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  • Yes. You can email your first message to an inmate on our website. We will verify that the content is approved, then print and send it directly to the inmate. This can only be done once per inmate for initial contact. After this, you would need to use a prison approved email service or postal mail to keep in contact with the inmate.

    Additionally, many inmates have facility approved emailing options. If this option is available, you will see it mentioned directly on the inmate's profile. These vary from facility to facility, and we are unable to provide support for these third-party services.

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  • Rules vary widely from institution to institution, but generally speaking, yes, it is okay to send a postcard. Just be sure to follow all the same rules you would when sending a letter.

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  • Emails received by the end of the business day on the 4th and 20th of each month will typically be printed and mailed no later than the 7th and 23rd of each month. Prison mail always moves slower, so please give the letter ample time to arrive and time for the inmate to reply.

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  • These rules and practices vary from prison to prison. It is best to visit the appropriate institution's website to find out before sending a message in another language. If you are unable to verify which languages are permitted, it is safest to send the message in English. You may also wish to ask the inmate before attempting this.

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  • We are unable to provide specific detail as to why an email forward was rejected. Reasons for rejections may include, but not be limited to, the user is attempting to use it to contact someone they already know, the return address is incorrect, some of the content included may be likely to get the mail rejected by the institution, more emails sent than allowed, message is longer than permitted, and a host of other possibilities.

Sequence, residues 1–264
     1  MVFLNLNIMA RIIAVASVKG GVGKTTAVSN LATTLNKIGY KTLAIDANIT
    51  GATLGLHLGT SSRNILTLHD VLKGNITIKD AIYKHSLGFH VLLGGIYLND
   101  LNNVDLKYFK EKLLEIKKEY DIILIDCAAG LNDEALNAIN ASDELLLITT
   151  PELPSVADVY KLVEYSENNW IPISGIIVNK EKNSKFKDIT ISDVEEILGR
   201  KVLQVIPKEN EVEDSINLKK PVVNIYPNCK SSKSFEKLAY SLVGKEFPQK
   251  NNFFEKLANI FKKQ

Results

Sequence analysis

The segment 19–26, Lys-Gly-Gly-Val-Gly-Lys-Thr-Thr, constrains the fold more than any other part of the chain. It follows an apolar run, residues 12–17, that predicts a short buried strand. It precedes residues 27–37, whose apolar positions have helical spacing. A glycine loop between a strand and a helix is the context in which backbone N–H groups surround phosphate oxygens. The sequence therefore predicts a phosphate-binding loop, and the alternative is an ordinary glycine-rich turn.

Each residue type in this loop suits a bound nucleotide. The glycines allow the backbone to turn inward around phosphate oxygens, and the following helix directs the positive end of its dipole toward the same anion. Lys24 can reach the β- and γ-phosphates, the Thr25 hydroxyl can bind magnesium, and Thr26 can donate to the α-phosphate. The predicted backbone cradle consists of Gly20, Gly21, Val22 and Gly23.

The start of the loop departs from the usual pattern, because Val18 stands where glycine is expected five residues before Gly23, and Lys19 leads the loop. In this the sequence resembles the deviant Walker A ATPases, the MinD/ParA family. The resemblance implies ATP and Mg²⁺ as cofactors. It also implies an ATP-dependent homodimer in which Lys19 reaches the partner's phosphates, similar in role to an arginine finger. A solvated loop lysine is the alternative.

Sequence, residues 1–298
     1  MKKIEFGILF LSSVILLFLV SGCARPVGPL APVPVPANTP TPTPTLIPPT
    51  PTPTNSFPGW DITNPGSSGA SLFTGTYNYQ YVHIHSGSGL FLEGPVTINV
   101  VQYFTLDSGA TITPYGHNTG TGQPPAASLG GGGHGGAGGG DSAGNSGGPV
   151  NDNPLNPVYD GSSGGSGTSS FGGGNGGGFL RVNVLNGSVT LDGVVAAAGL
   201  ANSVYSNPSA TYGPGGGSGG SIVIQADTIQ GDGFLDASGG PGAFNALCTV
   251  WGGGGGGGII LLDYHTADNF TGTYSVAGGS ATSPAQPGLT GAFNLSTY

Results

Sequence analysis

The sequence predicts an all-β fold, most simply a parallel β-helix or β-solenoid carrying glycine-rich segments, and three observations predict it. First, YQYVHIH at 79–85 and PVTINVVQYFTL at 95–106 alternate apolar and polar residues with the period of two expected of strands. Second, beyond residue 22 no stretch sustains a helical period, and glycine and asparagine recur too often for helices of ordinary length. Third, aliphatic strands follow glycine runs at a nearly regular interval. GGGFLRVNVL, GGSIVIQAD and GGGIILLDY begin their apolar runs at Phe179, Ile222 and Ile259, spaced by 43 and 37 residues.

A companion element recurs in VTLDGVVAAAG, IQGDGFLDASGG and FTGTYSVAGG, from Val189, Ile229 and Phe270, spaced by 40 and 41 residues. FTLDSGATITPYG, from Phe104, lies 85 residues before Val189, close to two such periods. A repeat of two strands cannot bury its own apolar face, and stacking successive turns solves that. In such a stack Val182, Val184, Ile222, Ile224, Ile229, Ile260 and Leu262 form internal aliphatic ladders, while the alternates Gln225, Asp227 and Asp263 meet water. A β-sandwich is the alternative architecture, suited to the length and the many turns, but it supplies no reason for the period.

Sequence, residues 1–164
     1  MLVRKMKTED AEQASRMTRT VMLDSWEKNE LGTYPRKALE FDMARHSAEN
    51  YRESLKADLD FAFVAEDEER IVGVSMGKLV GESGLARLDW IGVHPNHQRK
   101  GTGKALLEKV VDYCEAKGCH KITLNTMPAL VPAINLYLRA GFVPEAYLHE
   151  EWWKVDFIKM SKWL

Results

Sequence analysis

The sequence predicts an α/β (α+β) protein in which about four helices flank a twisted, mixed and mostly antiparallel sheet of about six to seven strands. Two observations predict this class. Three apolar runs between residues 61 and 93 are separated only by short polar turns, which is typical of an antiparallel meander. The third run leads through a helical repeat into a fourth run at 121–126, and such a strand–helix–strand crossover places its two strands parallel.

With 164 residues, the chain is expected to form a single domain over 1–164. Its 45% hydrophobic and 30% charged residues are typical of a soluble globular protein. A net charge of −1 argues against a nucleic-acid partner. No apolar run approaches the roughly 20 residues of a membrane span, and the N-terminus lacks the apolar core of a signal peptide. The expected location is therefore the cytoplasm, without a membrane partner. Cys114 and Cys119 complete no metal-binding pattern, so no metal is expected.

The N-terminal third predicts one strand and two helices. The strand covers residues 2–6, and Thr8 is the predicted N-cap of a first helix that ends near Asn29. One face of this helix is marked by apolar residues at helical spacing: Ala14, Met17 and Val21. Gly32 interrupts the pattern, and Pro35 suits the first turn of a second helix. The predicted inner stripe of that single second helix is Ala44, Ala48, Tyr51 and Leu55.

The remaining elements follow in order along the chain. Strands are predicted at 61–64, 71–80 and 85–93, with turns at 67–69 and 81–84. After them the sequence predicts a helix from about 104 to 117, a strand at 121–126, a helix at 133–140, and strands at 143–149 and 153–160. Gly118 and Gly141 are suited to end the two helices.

If this happens, a new email to the same person cannot be sent. However, you can send a letter directly using the address on the profile of the person incarcerated or another means of contact if one is provided.

    We are unable to comment further on this.

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  • No. Inmates are only notified when they receive messages. If there are no messages for an inmate during a mailing period, we do not send any notification.

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General Questions about Prison Life

  • There are many official third-party services for pen-pals to email inmates. These are fee-based services and are monitored by the institutions. WriteAPrisoner.com provides no mechanism of contact for inmates to actually email. However, once you are registered and logged into our website, you can create and send your first message to an inmate using our website. We will first check to make sure your message complies with all rules and laws, and then we will print and send it via postal mail to the inmate.

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  • Because of third party services, inmates can, in many cases, leave voicemails for you. This is a fee-based service. WriteAPrisoner.com in no way helps facilitate this kind of communication, but institution policy sometimes allows it.

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  • While conjugal visits have been proven to be effective methods of reducing recidivism and reintegrating inmates into society, they have been in widespread decline for many years. There are still some institutions practicing conjugal visits. However, it remains unclear if they will continue in the future.